Cattle-Fax: Profits to deteriorate in 2005

Cattle Market & Farm Reports, Editorials
Feb 21, 2005
by WLJ
An expected ramping up of slaughter volume this year is expected to result in cattle feeders’ struggling to show profits throughout 2005, according to a cattle market analytics firm. In addition, that profit deterioration will probably trickle down to producers supplying them with placement cattle, particularly stocker operators.
During the annual Cattle Industry Convention Feb. 1-5 in San Antonio, TX, analysts for Cattle-Fax, Lone Tree, CO, told producers that recent herd rebuilding would result in almost 850,000 more fed steers and heifers being available for processing and that a lot of beef from those cattle would need to be discounted in price to help spur its movement through the production system. Prices for fed cattle could even result in packers having an average margin of a negative $20 per head over the year, analysts indicated.
Randy Blach, CEO of Cattle-Fax, said cyclical nationwide beef cowherd liquidation was several years longer than normal and that the herd-rebuilding phase would carry more impact than has been shown in the past. USDA's annual Jan. 1 Cattle Inventory Report, released in late January, showed the nation’s beef cowherd to be a percent larger than the year earlier.
Because of that, U.S. cattle producers likely have seen the highest prices of this cattle cycle and could see declines for the rest of the decade, Blach said.
However, the longer-than-normal liquidation phase, the lack of access to export markets and last year marking the lowest steer and heifer slaughter since 1993 could lead to a significant decline in prices paid for fed cattle and deterioration of cattle feeding profits, Blach said.
“Now that the herd is beginning to grow again, steer and heifer slaughter is expected to increase about 850,000 head in 2005 with most of the increase coming in the second half,” he said. “Consumer demand for beef also could level out after seeing good demand growth over the last few years. Producers can't expect that growth to continue, especially at rates the past few years. Retail grocers already are seeing price resistance by consumers, and they are featuring it less often.”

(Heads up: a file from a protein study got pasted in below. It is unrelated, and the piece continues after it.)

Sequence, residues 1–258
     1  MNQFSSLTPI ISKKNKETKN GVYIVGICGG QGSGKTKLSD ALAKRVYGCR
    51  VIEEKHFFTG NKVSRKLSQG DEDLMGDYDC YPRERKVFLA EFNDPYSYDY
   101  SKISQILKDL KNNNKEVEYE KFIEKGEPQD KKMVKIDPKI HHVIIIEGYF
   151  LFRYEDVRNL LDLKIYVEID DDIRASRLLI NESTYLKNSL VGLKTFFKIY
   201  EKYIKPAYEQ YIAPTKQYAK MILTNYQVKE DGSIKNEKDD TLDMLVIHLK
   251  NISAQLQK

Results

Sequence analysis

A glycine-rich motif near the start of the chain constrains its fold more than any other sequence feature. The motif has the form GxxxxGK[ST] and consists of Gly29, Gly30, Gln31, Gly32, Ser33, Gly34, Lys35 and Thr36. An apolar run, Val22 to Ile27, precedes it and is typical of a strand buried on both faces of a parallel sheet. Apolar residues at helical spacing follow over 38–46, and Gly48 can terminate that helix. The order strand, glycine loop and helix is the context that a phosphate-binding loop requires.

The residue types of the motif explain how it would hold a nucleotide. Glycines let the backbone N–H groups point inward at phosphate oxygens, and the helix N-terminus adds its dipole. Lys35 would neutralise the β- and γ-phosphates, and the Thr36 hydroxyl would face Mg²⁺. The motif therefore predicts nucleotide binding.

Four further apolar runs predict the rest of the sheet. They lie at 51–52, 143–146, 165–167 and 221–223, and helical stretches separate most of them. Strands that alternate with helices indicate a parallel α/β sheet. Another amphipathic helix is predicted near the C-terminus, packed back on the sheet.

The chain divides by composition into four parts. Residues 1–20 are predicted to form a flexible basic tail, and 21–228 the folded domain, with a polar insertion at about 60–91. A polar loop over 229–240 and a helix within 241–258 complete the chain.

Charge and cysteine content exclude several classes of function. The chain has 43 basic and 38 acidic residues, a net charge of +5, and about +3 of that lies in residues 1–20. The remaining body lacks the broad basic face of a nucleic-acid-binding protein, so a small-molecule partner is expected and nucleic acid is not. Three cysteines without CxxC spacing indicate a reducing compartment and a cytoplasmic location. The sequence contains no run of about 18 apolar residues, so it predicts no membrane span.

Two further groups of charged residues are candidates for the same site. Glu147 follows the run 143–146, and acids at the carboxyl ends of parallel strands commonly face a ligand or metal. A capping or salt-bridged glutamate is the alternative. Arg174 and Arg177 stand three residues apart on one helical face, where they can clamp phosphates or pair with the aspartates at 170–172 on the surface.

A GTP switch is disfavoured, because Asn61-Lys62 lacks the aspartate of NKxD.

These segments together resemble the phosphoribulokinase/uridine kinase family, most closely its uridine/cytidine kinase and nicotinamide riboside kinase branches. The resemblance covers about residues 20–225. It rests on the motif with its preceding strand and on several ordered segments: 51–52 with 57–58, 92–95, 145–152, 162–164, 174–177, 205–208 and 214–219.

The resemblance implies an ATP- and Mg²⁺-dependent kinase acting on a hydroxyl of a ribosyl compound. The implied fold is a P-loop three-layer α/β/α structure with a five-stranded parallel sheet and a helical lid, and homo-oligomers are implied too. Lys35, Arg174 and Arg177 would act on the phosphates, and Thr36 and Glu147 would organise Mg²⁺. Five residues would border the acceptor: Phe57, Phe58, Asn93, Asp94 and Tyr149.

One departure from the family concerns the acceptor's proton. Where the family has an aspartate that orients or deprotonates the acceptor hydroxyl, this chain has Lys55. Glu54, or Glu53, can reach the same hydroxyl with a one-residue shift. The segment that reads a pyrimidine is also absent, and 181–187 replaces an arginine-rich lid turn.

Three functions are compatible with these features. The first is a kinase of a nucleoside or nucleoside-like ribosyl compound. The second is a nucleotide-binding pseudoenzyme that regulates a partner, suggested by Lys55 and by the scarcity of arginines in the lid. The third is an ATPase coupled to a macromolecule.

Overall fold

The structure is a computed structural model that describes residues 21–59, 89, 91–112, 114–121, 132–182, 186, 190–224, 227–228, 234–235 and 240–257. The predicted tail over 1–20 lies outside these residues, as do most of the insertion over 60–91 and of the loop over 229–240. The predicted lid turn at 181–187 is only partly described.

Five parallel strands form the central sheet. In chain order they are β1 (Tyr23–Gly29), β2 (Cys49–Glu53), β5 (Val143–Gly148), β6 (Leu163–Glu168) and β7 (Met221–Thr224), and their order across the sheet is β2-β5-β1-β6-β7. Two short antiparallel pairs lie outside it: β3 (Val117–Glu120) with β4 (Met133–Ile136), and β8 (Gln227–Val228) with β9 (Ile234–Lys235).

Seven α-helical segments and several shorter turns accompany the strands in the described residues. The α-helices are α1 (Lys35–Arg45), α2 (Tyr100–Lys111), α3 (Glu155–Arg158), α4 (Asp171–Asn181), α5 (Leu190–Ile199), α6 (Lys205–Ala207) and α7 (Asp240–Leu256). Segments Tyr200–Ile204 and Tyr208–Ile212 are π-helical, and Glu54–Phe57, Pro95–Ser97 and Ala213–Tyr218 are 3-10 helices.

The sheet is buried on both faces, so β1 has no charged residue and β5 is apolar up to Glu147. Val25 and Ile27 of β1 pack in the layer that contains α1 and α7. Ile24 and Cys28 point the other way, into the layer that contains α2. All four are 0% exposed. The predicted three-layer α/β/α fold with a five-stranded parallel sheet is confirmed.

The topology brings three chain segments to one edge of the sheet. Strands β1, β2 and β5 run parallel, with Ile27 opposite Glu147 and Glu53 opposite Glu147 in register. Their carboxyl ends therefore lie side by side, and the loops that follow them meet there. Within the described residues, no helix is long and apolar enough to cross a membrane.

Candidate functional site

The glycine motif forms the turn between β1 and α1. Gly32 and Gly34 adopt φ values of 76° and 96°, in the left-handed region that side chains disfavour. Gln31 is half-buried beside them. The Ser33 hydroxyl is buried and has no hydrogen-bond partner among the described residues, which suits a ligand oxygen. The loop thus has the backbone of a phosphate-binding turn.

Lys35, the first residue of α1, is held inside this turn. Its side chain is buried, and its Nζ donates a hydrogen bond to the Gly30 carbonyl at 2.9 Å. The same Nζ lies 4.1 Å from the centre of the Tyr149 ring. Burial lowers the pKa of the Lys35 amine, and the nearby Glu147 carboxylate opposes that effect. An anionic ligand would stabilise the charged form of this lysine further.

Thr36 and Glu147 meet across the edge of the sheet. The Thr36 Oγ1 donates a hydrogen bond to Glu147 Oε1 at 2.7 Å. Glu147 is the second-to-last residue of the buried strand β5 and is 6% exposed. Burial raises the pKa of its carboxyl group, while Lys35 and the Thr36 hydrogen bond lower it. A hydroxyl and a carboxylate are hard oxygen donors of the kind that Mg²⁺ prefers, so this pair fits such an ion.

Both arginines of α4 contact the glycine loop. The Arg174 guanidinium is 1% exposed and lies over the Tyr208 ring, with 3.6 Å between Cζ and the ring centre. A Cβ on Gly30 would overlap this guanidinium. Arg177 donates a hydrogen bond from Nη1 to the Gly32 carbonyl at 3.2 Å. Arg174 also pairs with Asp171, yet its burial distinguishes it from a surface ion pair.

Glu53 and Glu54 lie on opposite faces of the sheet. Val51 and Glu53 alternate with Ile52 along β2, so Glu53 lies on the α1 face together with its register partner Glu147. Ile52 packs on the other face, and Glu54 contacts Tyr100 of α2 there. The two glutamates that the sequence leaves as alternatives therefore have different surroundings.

Cattle-Fax indicated that average steer carcass weights could increase almost 10 pounds in 2005 compared with 2004. That could lead to the feeding industry losing currentness of market-ready supplies and eroding bargaining positions.
As a rule of thumb, every one pound of increase carcass weight produces the beef equivalent of about 1,000 head of cattle per week, he said.
Kevin Good, Cattle-Fax analyst, said producers should expect the low $70s per cwt to provide long-term support, with prices in the mid-$90s could offering strong resistance through probably 2006 or 2007.
However, it was stipulated that those predictions are taking into account the reopening of international markets to U.S. beef products.
Cattle-Fax projects the average fed cattle price to range between $82-84 during 2005, with a full range being mid-$70s during late summer to the low-$90s this spring. Prices are expected to rebound back into the mid-$80s later in the year.
In turn, profits for summer grazers are expected to be closer to levels seen prior to 2003 and 2004. Cattle-Fax analysts estimated that stocker operators would probably average about a $20 per head profit through 2005, significantly lower than profits of the past two years. Stocker operator profits during 2003 and 2004 ranged mostly between $160-170.
Good said it is imperative that costs be minimized, but that cattle still be produced to their maximum production potential. He said that more than two-thirds of the profit differences between high-return and low-return producers are simply the result of reducing costs.
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